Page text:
Sons of The American Legion Honoring, Helping Veterans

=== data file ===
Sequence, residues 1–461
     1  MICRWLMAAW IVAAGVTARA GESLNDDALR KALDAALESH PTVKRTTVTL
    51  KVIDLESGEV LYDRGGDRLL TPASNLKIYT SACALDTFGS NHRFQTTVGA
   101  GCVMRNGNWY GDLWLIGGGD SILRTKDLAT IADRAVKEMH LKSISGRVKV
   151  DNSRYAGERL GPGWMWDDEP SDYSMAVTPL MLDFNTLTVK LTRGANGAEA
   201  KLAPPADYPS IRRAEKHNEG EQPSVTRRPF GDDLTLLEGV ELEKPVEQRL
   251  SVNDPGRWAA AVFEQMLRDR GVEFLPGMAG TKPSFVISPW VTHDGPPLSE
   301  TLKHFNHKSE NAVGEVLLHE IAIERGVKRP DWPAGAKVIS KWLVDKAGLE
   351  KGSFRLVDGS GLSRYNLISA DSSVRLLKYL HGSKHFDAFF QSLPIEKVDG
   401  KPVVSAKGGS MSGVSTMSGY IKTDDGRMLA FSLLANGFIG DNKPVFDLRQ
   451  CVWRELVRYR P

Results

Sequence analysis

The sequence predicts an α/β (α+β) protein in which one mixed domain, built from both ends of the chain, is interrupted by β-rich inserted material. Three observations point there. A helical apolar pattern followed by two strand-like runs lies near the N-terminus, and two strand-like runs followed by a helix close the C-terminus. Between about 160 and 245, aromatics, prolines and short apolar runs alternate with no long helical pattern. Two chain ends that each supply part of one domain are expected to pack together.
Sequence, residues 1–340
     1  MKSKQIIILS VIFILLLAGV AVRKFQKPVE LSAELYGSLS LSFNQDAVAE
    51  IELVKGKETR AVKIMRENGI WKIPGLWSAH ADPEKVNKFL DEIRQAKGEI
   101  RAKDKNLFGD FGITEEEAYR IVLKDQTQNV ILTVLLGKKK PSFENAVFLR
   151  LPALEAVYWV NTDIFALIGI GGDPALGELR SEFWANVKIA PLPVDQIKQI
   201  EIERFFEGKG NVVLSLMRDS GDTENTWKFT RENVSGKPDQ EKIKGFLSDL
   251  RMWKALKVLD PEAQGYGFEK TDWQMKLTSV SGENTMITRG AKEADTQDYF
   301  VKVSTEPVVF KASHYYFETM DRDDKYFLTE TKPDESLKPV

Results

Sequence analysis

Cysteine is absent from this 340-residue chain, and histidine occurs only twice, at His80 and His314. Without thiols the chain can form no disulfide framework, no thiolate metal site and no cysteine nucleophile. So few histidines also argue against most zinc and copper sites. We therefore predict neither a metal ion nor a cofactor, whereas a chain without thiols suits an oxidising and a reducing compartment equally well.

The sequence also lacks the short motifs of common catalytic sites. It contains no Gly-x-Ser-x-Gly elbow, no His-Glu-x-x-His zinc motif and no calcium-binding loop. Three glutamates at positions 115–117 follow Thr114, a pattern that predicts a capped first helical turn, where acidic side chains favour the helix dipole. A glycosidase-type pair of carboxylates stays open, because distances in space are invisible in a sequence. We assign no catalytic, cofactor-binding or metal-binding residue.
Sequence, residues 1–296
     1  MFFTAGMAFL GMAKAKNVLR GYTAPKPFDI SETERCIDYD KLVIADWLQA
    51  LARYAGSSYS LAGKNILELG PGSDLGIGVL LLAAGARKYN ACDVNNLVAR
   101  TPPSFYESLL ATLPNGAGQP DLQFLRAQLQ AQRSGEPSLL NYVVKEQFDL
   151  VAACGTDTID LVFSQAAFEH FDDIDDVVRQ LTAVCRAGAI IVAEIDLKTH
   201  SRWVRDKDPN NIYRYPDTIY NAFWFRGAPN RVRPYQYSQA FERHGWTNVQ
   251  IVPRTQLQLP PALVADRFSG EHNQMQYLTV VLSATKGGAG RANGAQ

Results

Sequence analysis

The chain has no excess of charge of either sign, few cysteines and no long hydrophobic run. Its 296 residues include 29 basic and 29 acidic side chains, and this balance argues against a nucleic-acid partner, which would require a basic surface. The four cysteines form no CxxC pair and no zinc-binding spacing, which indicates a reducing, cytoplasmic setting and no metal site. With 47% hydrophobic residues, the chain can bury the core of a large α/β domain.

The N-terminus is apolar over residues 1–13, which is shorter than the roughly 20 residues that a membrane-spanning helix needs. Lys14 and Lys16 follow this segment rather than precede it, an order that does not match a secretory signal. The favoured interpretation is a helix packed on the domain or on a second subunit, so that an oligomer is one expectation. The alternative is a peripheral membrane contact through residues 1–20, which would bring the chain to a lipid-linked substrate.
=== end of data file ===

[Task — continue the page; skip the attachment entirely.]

first_imgSons of The American Legion Squadron 524 of Ocean City gives to organizations such as this non-profit, Heroes on the Water, to honor veterans. (Photo credit By Maddy VitaleMike Byerly did not serve in the military. But every day, he honors those who have been in the military, currently serve, or made the greatest sacrifice for the country.Byerly is the commander of the Sons of The American Legion Squadron 524, a program within Ocean City’s Morvay-Miley American Legion Post 524. The sons include men whose parents or grandparents served in the U.S. military and were eligible for American Legion membership.His father, Ken Byerly, 72, who lives with his wife Jean in Ocean City, is a retired Army captain who served in the Vietnam War.“My father was my best man in my wedding. I don’t think I have any respect for anyone else in the world like I do for my father,” Byerly said in a recent interview. “He sacrificed everything for his country and for his family, and continues to do so.”So, when Byerly’s father approached him about seven years ago and asked him if he was interested in joining the “Sons,” Byerly knew immediately what he would do.“I said, ‘Of course I will,’” he recalled.For the last six years, Byerly, along with a strong team of Legion members, work together to build up the organization to do what they were meant to as “Sons.”Sons of The American Legion Squadron 524 Commander Mike Byerly says helping veterans is rewarding work.“When you see a veteran in need, you want to help them,” Byerly explained. “We try to fill that need however we can,” he explained. “Sometimes they just need help reintegrating after serving.”But with only about $100 in the “Sons” checking account seven years ago, there was a lot of work to be done to fundraise and showcase what the membership, which is now 158 strong, could do for veterans.Byerly said over the last few years, with more and more “Sons” getting involved, they are able to provide healthy donations to charities, organizations and groups that they believe in.“Guys like me, have a strong respect for veterans,” he said.This last year, the “Sons” donated to two worthy causes, Byerly explained: Heroes on the Water and Operation Safe Haven.Heroes on the Water is a non-profit that provides no-cost therapeutic kayak fishing experiences to veterans, first-responders, active-duty military members and their families. Their volunteer-led chapters hold regularly scheduled events that improve lives while supporting our heroes.The “Sons” gave $1,500 for the South Jersey Chapter.“We will be continual supporters of this program,” he noted.Byerly said George Daley, of Cape May County, is involved in the program. Daley attended a “Sons” meeting and told the members that he needed funds to purchase a storage trailer for the kayaks and other equipment.“It is a great program,” Byerly said, adding that Daley does so much on his own the “Sons” were happy to help out for such a noble cause.This is one of the tiny houses on the property that is part of Operation Safe Haven. (Photo credit Safe Haven, under the direction of Pastor Donnie Davis of Amazing Grace Ministries, is such a monumental program, the “Sons” decided to give large donation of $7,500 to help the pastor in his efforts.Davis operates a 277-acre area, including a 65-acre lake in Franklin Township, where he is building 300-square-foot “tiny houses” for homeless vets and those suffering from Post-Traumatic Stress Disorder. The homes will be free of charge to the veterans who qualify.“It is the most substantial donation we ever made,” Byerly said. “The pastor is terrific. It is really a neat thing he is doing. It is exciting to see how he is providing homes for veterans.”Byerly who owns a landscaping business and works in marketing for a casino, lives with his wife, Karen, in Ocean View. They have two children, Ian, 21, and Erin, 23.He said he is able to juggle work and family life, and still put in a lot of effort into the “Sons” because of fellow members and the relationship between his organization and the veterans at Post 524, which he described as strong.He credited some of the success to the leadership of American Legion Post 524 Commander Bob Marzulli.In addition, he said there are about 10 members of the “Sons” who also served and belong to the American Legion post.Squadron 524 members visit residents of United Methodist Communities at The Shores in Ocean City over Christmas 2018. From left, Doug Otto, Dave Garbutt,, Tom Tumelty, Sons Commander Mike Byerly and Steve Koch. (Photo courtesy Doug Otto)One of the dual members is Doug Otto, whom Byerly said, along with member, Steve Koch, and a few others, are instrumental in their getting things done“I’m very blessed with a great group of guys,” he noted. “We have always been laid back. It allows the guys to discuss any ideas they may have.”In addition to larger donations given to Heroes on the Water and Operation Safe Haven, the “Sons” also sponsor events at assisted living communities, including the United Methodist Communities at The Shores in Ocean City.They also recently provided landscaping materials for a local Girl Scouts group to create a garden in front of Post 524.Despite the active post and squadron in Ocean City, Byerly pointed out that the number of veterans joining posts is dwindling across the country.The hope is that the Sons of The American Legion will fill that temporary gap in membership to assist veterans.“You see young kids coming out of the military who are less engaged with veterans organizations,” Byerly noted. “Six or seven years from now, they might be ready to become more involved with veterans groups.”He added, until then, and after, the Sons of The American Legion are there to help veterans any way they can.For more information about American Legion Morvay-Miley Post 524 at 46th Street and West Avenue and Sons of The American Legion Squadron 524 visit To learn about Heroes on the Water visit and Operation Safe Haven go to www.opsafehaven.comAmerican Legion Post 524 historian Dick Matthers speaks to a group at United Methodist Communities at The Shores in Ocean City about his participation in the Korean War. (Photo courtesy Doug Otto)last_img read more